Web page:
The U.S. Army Corps of Engineers informs Lookout Point and Hills Creek reservoir users that water level will be kept low this summer. Hills Creek will be at least 66 feet lower than normal full pool and Lookout Point will be at least 60 feet lower than normal full pool. This will affect recreational access at the high water boat ramps, but the low water ramps are available.
Hills Creek Dam and Reservoir are located on the Middle Fork Willamette River about 45 miles southeast of Eugene, Oregon. The Corps will rehabilitate the dam’s two spillway gates July through September 2016, improving its ability to reduce flood damage to Eugene, Springfield and other downriver communities.
Lookout Point Dam and Reservoir are located on the Middle Fork Willamette River about 22 miles southeast of Eugene, Oregon, and downstream of Hills Creek Dam. The Corps will rehabilitate the last of the dam’s five spillway gates starting in July. This will complete work to improve the dam’s ability to reduce flood damage to downriver communities.
These repairs requires the Corps to keep each reservoir at least 20 feet below spillway crest for worker safety. Lookout Point’s lower water levels will make the Black Canyon, Meridian Park and Hampton Landing boat ramps unusable for trailered boat launches although the low-water boat ramp at Signal Point should be available throughout the summer. Hills Creek's lower water levels will make the Bingham Landing and CT Beach Park boat ramps unusable for trailered boat launches although the low-water ramp at Packard Creek Campground should be available throughout the summer.
“We understand the impact of these drawdowns on reservoir users, but our highest priority is improving these dams’ ability to reduce flood damage to Willamette River communities,” said Erik Petersen, Operations Project Manager for the Corps’ Willamette Valley Project.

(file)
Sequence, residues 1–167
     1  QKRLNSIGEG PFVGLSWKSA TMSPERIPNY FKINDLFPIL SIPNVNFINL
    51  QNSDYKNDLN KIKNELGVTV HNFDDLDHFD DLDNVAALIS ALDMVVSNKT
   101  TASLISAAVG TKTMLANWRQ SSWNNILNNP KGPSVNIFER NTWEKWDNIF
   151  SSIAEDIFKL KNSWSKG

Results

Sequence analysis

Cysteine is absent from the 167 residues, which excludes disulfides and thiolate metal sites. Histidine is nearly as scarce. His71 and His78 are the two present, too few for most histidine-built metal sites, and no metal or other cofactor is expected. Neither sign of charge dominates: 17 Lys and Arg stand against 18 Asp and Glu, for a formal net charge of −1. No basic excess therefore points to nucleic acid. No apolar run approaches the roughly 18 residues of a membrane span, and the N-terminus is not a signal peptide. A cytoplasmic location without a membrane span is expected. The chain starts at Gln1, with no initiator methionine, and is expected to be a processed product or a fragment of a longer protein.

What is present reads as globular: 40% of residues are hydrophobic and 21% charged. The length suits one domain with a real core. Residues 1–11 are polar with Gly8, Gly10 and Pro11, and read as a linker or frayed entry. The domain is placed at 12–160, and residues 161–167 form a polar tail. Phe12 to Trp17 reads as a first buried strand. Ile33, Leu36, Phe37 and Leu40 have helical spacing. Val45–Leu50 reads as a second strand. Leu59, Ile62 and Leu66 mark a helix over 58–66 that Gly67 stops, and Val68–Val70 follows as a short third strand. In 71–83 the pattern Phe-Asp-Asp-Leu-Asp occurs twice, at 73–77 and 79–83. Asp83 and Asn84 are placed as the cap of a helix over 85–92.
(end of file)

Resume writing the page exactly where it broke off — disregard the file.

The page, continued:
Neither reservoir would have reached the maximum elevation this year due to lack of spring rain.
Lookout Point is the largest of the Corps’ 10 Willamette Valley Project flood damage reduction reservoirs with a total capacity of 477,700 acre feet of flood storage. It is estimated to alone have prevented $55.6 million in damage to Willamette River communities in 2013.
Inspections and evaluations in 2010 determined that many Portland District dams’ spillway gates might not operate properly when water levels are high and significant pressure is acting on the gates. After replacing or repairing critical components at several dams, Portland District has been pursuing long-term gate rehabilitation at its Willamette Valley Project dams.
The Corps has strengthened all spillway gates at Big Cliff, Fall Creek, Foster, Green Peter and Dexter dams in the Willamette Valley. Designs are underway for future repairs to Cougar, Blue River and Detroit dams.
For more information about the Corps’ Willamette Valley flood risk management mission and spillway gate rehabilitation program, visit http://www.nwp.usace.army.mil/Missions/Water/SpillwayGates.aspx.
For information about other Willamette Valley Project recreation options, visit http://www.nwp.usace.army.mil/Missions/Recreation/Willamette.aspx.